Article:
Not Even Close

From CNBC recently:

“Such [trend following] funds use computer models to predict trends in the prices of stocks, bonds, currency, commodities and other markets, betting that valuations tend to revert to a mean following swings up or down.”

On the basic description of trend following strategy how does he get it so wrong? Not even close. Predictions? Valuations? Mean reversion?

Note: My email exchange with the author:

Me: In your piece you say this: “Such funds use computer models to predict trends in the prices of stocks, bonds, currency, commodities and other markets, betting that valuations tend to revert to a mean following swings up or down.” On the basic description of the strategy how do you get it so wrong? Like not even close. Curious.

CNBC: Thanks for the feedback. What about it do you think is off?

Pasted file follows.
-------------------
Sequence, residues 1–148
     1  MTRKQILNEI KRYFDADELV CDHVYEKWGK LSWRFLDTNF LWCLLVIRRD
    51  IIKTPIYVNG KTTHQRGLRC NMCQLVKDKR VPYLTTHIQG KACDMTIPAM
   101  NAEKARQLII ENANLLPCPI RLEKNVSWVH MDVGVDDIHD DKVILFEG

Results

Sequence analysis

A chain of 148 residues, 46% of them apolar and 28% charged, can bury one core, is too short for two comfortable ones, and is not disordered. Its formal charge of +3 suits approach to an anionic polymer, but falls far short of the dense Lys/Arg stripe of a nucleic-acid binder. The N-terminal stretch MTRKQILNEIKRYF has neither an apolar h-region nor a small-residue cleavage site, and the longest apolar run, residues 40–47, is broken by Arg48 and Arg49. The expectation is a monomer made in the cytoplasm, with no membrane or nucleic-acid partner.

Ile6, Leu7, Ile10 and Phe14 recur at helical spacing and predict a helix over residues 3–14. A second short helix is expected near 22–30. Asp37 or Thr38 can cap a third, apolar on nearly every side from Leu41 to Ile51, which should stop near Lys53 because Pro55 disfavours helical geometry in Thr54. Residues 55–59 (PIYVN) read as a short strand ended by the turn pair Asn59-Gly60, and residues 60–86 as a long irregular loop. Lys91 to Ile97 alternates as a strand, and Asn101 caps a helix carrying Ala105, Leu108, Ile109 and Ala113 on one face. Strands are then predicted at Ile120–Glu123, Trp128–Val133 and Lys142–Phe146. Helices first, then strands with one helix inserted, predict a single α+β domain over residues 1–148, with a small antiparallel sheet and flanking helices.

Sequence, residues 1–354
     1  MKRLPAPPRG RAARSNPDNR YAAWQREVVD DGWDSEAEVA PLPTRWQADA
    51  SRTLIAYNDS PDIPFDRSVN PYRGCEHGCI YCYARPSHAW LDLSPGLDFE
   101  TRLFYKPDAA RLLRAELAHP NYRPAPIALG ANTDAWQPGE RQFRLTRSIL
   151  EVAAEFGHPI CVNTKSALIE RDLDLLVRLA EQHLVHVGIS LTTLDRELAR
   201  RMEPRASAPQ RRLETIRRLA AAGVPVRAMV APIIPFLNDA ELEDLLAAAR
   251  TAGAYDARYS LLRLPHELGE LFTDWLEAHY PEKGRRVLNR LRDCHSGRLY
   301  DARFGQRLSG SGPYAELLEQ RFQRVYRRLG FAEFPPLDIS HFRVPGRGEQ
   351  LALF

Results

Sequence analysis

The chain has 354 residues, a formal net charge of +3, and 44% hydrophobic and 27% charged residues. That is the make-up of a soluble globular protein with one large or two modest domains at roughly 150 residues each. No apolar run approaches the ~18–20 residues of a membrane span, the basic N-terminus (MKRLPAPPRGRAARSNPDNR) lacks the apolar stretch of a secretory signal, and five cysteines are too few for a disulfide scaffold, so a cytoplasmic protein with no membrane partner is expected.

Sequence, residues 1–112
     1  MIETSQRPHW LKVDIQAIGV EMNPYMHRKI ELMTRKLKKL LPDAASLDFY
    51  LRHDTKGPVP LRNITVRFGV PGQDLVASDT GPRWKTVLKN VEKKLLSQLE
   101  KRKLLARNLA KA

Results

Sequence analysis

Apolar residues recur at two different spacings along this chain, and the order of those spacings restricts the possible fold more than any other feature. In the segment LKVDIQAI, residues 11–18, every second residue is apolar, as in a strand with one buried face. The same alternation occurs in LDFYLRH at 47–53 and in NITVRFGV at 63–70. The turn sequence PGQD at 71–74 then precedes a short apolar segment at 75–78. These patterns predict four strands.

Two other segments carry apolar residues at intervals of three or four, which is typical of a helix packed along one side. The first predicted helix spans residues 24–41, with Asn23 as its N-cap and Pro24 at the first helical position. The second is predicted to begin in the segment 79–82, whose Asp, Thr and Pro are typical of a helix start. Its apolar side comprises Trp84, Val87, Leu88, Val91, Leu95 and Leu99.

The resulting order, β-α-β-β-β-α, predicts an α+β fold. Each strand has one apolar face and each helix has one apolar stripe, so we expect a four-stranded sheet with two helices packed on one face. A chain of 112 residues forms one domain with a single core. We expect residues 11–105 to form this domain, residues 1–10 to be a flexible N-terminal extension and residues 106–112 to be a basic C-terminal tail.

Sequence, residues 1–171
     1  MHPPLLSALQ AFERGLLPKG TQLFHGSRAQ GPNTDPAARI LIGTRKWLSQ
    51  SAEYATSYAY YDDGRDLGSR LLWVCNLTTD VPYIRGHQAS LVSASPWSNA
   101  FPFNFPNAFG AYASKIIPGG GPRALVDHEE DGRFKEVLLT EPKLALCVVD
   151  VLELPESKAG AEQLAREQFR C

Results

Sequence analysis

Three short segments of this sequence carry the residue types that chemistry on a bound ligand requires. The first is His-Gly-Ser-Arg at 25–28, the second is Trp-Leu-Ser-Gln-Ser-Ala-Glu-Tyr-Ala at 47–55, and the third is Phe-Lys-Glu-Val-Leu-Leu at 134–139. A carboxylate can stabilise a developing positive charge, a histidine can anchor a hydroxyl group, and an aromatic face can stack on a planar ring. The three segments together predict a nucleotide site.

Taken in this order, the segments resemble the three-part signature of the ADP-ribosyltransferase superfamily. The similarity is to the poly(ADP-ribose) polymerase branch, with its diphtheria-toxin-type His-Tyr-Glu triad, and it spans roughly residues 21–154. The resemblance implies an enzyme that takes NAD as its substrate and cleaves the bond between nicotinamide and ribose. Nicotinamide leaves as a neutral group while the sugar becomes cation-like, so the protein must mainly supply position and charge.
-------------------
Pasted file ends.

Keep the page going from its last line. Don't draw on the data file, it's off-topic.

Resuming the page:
Me: When did trend following become about predictions, mean reversion and value? If you did not know and got it wrong, ok. But should correct it.

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4 thoughts on “Not Even Close

  1. I agree that CNBCs description of trendfollowing is terrible but the part of “trendfollowers making predictions” is correct. I am a trendfollower since 30 years myself and hearing or reading that trendfollowers do not predict only shows that the presenter or author is clueless. The prediction that trendfollowers make is that the trend will continue until proved false. This is a prediction like any other.
    Not predicting is not having a strategy and doing random trades which certainly is not a valid description for trendfollowers.

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